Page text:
Definitely not. Termites cause more damage than fires, storms and floods combined. Therefore it’s
important to put some sort of detection system in place. (Go to home page for more information)
Yes it does, for that particular day. They may move in, however, the following day. You’ve just spent $1000’s on stamp duty, termite inspections, engineering reports, solicitors, loan applications, insurance etc. Why not spend another few hundred on a termite protection system that will protect you from the critters that cause more damage to homes than storms, floods and fires, combined. It’s a once-only-cost, there’s no ongoing fees, once they’re installed.
Get a pest controller now, and worry about monitoring later.
When this happens home owners usually freak out and think that they have just arrived. That is definitely, not so. Termites are in every bodies garden, minding their own business and have been there for 1000’s of years. In fact, the CSIRO state that 80% of Australian homes are within 25M of a termite colony. Termites are only a problem when and if they actually get, inside the house itself.
Detecting termites with wooden stakes placed in the garden around a house have been around for 30 years. The big difference is we position out timber monitors inside the actual house. Very close together and concentrated in all the high-risk wet areas where termites like to sub nest and breed. When the monitors are inspected every 3 months you can catch them early when and if they gain entry. For more information go to our “Technical information menu”
No not at all. If you are checking the monitors every 3 months, they haven’t had time to establish themselves in your house, breed or cause any damage. In fact, the other 3 methods of termite control, definitely have issues.
Yes they will. In a good way. It proves to a potential buyer that you have been monitoring your house for termites as an ongoing process. The buyer will engage a pest controller to carry out a pre purchase inspection who can also check the monitors. They can also view inside the wall cavities with their bora scopes (tiny cameras) through the existing termidetector access holes throughout the entire house for any other activity.
No, you’re not. The words brick veneer describes a house that is constructed from a wooden frame with the outer skin of brick. The strength of the house comes from the timber wall frames, the timber roof beams and trusses, inside the brick work. Termites can find their way through cracks in the brick work and especially through minute cracks in the concrete slab and attack the frame work of the house without your knowledge. Once the timber frame is weakened the house could collapse.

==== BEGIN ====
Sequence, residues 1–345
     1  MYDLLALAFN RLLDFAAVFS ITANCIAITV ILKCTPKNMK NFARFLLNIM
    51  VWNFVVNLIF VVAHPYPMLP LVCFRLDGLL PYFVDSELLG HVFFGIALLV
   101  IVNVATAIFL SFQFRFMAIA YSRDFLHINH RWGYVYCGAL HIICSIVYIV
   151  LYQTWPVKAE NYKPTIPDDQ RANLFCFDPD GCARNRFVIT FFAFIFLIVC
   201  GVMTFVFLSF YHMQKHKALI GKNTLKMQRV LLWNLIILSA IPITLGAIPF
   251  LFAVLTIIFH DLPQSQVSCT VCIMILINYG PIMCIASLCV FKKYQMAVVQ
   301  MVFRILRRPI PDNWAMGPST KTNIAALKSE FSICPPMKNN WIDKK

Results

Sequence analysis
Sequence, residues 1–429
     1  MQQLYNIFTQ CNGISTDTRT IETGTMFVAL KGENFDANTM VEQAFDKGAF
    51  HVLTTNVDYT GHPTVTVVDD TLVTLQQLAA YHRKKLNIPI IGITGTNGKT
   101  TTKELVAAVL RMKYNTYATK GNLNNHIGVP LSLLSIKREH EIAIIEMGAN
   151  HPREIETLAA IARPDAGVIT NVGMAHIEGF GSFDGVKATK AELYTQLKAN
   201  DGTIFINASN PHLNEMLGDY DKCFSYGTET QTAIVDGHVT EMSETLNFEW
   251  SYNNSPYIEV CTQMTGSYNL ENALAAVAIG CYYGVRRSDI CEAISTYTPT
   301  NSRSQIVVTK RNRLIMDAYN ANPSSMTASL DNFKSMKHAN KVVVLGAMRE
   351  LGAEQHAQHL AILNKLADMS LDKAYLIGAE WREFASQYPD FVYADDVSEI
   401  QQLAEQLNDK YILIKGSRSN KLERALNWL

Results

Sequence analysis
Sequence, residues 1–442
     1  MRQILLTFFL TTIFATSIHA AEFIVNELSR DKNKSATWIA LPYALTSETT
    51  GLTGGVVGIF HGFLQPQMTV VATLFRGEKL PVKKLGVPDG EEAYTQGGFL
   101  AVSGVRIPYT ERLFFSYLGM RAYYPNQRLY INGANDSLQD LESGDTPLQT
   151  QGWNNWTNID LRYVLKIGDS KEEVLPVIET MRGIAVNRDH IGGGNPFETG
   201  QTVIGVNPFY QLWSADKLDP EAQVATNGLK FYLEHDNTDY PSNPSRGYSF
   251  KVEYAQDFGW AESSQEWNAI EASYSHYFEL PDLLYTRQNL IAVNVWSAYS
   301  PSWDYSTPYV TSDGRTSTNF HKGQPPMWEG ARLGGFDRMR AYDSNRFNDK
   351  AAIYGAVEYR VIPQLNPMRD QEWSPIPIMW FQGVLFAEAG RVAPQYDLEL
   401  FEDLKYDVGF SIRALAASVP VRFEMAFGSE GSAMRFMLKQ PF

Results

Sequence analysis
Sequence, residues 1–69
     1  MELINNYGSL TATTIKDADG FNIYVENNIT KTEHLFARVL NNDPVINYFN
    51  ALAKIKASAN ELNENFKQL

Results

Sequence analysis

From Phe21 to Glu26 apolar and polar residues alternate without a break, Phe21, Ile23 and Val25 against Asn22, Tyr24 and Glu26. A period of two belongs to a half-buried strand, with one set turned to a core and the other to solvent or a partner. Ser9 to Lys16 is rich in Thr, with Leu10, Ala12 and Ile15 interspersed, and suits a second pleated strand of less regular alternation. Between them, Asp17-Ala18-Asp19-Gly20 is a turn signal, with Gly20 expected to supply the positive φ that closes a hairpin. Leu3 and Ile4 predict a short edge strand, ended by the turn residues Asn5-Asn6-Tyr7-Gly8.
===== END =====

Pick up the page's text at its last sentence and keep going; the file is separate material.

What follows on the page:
Firstly, it cost nothing to inspect them and takes 10 or 15 minutes. 3 months is the minimum time they
should be checked. If termites are discovered in your house, they haven’t had much time to cause any
damage. The sooner they’re discovered, the cheaper and easier it is to eradicate them. We send our clients email inspection reminders every 3 months.
If your house is in a high-risk area, we suggest you inspect them, more frequently. If you have recently
had a pest controller carry out a termite eradication program in your house, I would check the monitors
every couple of weeks, until you felt comfortable that the termites hadn’t come back.
And so you should be. They are the size of a 20C piece and sit will down, just above the skirting boards. (Go to the Product Range menu for more information)
Most pest controllers would consider our system to be a threat to their ongong inspection business.
If they sold termidetectors, home owner wouldn’t require their services anymore.
That won’t work. Termites can gain entry from the other side of the house to get to these moisture areas, so it’s important to place the monitors around the entire house. …No gaps.
No termite prevention or monitoring system negates the need for yearly termite inspections by an accredited pest controller. Australian standard (AS3660.2) …That’s the law